The internal and external coercion that you’re being subjected to Misfire, leading you to diminish your ability, create unnecessary stress and ultimately burnout. How will you enjoy the fruits of your labour if you are constantly working without a break.

people sitting on chair with brown wooden table

Signs of toxic productivity

It affects mental health – Feelings of anxiousness, restlessness and even depression.
Forgetting obligations and personal responsibilities – For example, not remembering a close one’s birthday or skipping your workout, a healthy meal or taking proper sleep.
Your relationships with people becoming strained - Are you interacting with people half-heartedly? Have you been told that you are working too much? Have you alienated those closest to you, like not responding to text or making
time for them?
You set a bar too high for yourself to achieve and end up being disappointed in yourself.
Feeling like you are on the verge of burn-out. Usually this involves feeling less energetic and concentrated.
Attaching your worth to the number of hours of the day which were productive.

How to avoid toxic productivity?

1. Adjust your goals and expectations

There are days where we feel more productive without commuting & meetings
and at the same time, there are also days where we do not get much done. We should not overcommit ourselves and be honest about what we can realistically accomplish.

2. Redefine what breaks are

Taking breaks doesn’t mean slacking off. These are vital if you want to stay fresh and rejuvenated. Besides, take frequent breaks throughout the day, disconnect on the weekend. If you feel like you need a personal day, go ahead and take it.

3. Focus on positive self-talk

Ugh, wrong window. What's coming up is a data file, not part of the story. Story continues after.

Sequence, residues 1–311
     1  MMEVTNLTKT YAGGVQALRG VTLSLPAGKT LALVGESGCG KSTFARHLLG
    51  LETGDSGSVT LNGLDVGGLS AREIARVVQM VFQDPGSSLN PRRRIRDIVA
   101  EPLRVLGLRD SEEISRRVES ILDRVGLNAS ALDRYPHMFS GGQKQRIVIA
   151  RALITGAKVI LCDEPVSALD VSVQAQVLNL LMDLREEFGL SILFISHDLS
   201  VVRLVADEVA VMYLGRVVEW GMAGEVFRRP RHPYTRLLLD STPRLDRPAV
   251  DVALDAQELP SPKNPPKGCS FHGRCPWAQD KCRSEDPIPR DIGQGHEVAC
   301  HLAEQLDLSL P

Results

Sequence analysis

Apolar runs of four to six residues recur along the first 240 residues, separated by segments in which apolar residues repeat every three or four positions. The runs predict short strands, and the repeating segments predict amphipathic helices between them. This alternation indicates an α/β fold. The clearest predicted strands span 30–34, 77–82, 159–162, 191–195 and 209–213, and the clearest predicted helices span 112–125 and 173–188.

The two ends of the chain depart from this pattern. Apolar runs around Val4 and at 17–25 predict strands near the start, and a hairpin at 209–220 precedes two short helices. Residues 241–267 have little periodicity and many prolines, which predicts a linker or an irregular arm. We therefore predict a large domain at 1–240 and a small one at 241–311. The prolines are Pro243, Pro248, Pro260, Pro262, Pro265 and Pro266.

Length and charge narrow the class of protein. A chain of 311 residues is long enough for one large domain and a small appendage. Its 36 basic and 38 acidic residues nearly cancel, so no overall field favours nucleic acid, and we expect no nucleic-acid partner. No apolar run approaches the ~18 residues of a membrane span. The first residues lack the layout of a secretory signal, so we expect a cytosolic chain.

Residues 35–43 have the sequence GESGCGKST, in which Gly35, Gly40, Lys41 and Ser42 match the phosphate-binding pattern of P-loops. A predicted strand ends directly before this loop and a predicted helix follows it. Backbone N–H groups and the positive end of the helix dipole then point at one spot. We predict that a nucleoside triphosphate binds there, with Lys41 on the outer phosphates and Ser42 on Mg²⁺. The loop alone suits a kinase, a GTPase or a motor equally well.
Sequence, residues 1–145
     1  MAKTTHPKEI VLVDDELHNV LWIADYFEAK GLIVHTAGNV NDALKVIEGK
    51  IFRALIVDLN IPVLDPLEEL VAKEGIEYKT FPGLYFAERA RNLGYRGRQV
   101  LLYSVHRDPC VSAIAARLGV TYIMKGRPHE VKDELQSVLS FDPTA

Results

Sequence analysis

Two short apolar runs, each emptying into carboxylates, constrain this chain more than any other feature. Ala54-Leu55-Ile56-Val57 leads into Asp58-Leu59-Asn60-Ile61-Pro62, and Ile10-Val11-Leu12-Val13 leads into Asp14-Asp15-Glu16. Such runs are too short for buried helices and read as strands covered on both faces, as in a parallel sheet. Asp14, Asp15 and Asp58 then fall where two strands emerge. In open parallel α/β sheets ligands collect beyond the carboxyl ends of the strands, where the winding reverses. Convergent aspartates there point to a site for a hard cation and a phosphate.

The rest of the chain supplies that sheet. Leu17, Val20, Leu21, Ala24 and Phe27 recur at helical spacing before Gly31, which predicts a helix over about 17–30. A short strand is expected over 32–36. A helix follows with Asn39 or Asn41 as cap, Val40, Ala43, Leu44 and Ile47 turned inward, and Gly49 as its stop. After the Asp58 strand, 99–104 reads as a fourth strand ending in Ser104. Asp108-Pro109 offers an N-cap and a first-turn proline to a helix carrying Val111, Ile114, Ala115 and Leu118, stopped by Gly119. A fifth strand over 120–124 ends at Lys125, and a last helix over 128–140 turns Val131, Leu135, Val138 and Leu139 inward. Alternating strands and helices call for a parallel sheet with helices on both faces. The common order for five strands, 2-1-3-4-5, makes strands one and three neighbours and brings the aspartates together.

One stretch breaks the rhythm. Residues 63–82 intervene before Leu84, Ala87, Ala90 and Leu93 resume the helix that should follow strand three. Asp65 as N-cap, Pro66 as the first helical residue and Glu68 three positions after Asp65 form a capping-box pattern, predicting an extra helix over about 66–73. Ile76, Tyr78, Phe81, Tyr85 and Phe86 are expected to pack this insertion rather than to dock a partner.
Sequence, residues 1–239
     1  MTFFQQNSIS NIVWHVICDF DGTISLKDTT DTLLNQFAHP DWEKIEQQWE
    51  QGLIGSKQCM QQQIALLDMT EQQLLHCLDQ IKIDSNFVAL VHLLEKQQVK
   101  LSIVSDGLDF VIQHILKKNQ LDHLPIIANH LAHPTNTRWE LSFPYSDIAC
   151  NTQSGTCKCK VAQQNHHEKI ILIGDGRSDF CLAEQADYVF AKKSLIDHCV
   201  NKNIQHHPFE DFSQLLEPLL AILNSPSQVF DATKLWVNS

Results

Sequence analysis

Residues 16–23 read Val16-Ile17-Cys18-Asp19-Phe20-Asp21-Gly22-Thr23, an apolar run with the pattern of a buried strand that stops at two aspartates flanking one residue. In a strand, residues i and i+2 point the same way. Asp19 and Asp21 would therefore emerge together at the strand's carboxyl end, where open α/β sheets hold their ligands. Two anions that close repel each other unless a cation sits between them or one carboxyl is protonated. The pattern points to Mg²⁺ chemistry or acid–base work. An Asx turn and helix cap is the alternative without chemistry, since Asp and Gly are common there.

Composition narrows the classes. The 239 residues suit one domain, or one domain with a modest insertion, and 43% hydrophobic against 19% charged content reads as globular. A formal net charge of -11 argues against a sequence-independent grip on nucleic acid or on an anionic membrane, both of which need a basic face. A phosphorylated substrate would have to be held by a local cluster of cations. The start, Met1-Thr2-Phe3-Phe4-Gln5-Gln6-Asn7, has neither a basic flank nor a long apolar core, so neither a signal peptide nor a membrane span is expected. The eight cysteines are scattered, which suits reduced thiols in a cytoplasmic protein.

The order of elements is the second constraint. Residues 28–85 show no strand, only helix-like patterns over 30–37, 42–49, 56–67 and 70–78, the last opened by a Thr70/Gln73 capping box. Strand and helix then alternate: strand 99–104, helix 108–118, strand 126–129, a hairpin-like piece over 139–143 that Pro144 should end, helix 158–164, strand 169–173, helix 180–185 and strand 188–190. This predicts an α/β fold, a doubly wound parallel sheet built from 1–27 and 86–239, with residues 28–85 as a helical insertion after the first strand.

Get into the habit of talking to yourself like you would talk to a friend. Ask yourself, ‘Would I have these some expectations from someone I care for deeply? No? Then you shouldn’t have these expectations from yourself either.

4. Don’t compare yourself to others

During the lockdown period, it is common to see many people posting what online courses they have finished, what skills they have picked up, which is not a problem at all. But toxic productivity comes in when we over-compare ourselves with others because of this information. It is of course good to have done five online courses in a month, but by no means are you a ‘loser’ you have just done three courses instead of five.

5. Establish clearly defined boundaries

Try to stick to a routine where you have a clear working and non-working hours. Even if your schedule is flexible or changing, leave work at work when you’re done.

person holding coffee mug


We have developed a tendency to be self-critical, as opposed to being self compassionate. We have crafted a lot of feelings of self-worth on achievement, accomplishment and being prolific in what we do. If you take that away there’s a
void and voids are hard to deal with.

We have to remember that some people thrive under stress while others don’t. The times are wildly different and we need to recognize that productivity can look different for each person and therefore, stop ourselves from comparing and despairing over how others are managing hobbies and activities during this crisis. We ourselves are the ones who get to decide what’s an accomplishment worth celebrating right now.